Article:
From the Evening Gazette 12 November 1957...

 Gilbert and Sullivan's special brand of gay nonsense proved to be as popular as ever with the audience at Marton Parish Church Choral and Operatic Society's streamlined production of "Ruddigore" which began its week's run at the church hall last night.
  In this story of love and marriage Barbara Darbyshire is the perfect heroine.   She combines a clear, ringing soprano voice, a charming face and figure, a gift for comedy and a most piquant sauciness of manner.
  Playing opposite her, Kenneth Nicholls survives the metamorphosis from diffident village boy to bad baronet and proves himself to be more than equal to both characters.
  His foster brother, a devil-may-care sailor, is played with panache by Donald Sheerin, whose pleasant tenor and nimble dancing contibute to the opera's gaiety.
  The potential villain of the piece, Sir Despard Murgatroyd, looks properly saturnine, but proves that he can care deeply for respectability.   He is played by William Moister, and his betrothed, Mad Margaret, last night's favourite among the younger members of the audience, by Dorothy Brookfield.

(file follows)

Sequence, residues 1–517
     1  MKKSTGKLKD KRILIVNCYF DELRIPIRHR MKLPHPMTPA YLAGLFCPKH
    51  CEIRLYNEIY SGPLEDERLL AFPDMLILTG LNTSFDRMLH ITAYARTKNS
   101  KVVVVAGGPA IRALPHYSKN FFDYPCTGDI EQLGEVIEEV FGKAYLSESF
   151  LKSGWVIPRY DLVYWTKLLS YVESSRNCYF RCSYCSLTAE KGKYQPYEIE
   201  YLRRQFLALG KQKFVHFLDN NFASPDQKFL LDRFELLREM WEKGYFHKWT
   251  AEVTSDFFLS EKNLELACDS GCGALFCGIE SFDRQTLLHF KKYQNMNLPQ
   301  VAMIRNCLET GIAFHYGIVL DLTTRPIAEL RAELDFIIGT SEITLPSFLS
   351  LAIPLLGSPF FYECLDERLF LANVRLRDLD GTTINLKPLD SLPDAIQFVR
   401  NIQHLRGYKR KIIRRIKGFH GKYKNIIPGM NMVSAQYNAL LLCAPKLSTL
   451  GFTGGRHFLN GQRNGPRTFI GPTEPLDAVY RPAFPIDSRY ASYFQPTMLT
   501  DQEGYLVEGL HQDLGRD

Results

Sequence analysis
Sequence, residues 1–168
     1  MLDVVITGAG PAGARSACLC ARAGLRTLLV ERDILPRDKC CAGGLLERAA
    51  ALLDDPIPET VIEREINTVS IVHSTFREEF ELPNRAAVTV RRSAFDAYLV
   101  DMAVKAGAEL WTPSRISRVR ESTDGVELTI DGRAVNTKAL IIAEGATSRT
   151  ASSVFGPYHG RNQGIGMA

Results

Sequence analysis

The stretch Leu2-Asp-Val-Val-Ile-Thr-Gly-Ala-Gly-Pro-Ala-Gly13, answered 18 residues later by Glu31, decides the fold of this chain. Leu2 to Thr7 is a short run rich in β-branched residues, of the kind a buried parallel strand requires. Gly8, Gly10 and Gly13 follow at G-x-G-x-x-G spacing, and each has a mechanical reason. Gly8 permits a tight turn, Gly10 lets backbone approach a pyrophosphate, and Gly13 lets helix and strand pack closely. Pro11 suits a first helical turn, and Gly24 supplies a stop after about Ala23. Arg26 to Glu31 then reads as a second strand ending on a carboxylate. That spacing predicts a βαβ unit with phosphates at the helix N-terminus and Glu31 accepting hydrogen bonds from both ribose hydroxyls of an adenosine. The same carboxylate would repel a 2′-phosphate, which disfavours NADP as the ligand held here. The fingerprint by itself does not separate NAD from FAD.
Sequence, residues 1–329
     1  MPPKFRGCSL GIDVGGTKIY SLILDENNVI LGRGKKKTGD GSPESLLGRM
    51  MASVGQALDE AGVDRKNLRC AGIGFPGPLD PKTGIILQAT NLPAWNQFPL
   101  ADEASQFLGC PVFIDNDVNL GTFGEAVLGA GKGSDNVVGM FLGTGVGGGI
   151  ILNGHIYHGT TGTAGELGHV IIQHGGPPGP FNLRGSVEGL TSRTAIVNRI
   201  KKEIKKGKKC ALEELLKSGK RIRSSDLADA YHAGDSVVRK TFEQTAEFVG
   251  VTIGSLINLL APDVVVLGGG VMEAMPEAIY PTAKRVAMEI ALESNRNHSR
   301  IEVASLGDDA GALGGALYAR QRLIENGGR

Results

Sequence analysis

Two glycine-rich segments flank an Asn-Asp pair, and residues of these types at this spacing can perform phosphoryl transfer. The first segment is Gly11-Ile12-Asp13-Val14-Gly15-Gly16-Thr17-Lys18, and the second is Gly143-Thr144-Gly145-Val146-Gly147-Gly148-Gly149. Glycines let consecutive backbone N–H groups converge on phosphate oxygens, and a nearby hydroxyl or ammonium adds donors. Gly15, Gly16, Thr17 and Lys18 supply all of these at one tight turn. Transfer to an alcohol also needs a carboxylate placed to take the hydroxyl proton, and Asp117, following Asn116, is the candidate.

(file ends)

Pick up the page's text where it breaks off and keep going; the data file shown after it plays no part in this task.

Margaret Hinton's wonderfully rich contralto makes the best of a small part and Charles G. Kay is an impressive spectre.
  Other principal parts are played by William Darbyshire, June Bradley and Isabel Nicholls.
  The choruses are excellent, particularly the chorus of out-of -work professional bridesmaids.
  Under the direction of Robert Atherton, the orchestra makes an impressive contribution to the opera's total effect.
  The producer, to whom the credit for a smooth and efficient performance must go, is Jennifer Straughton.
  Proceeds of the opera will go to the church extension fund.                                  M.M.